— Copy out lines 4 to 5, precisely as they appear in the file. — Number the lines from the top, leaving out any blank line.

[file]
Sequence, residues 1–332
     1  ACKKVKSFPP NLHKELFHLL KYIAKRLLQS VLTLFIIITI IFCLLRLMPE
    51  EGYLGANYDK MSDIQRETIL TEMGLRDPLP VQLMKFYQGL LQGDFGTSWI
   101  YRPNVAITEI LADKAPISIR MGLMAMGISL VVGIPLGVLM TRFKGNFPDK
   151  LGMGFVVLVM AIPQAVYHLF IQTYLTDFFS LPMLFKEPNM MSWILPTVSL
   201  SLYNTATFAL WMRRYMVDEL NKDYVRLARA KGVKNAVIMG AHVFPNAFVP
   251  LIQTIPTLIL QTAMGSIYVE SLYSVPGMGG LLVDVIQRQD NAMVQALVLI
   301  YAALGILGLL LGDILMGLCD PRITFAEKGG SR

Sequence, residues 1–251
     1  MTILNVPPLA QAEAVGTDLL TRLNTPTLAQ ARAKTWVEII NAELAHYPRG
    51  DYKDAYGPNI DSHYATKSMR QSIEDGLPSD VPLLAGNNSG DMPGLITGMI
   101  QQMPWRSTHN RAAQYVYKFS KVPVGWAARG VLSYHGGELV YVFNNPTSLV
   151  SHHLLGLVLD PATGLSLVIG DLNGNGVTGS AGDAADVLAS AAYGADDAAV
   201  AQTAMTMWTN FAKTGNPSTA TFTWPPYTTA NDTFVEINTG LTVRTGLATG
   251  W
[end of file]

   101  YRPNVAITEI LADKAPISIR MGLMAMGISL VVGIPLGVLM TRFKGNFPDK
   151  LGMGFVVLVM AIPQAVYHLF IQTYLTDFFS LPMLFKEPNM MSWILPTVSL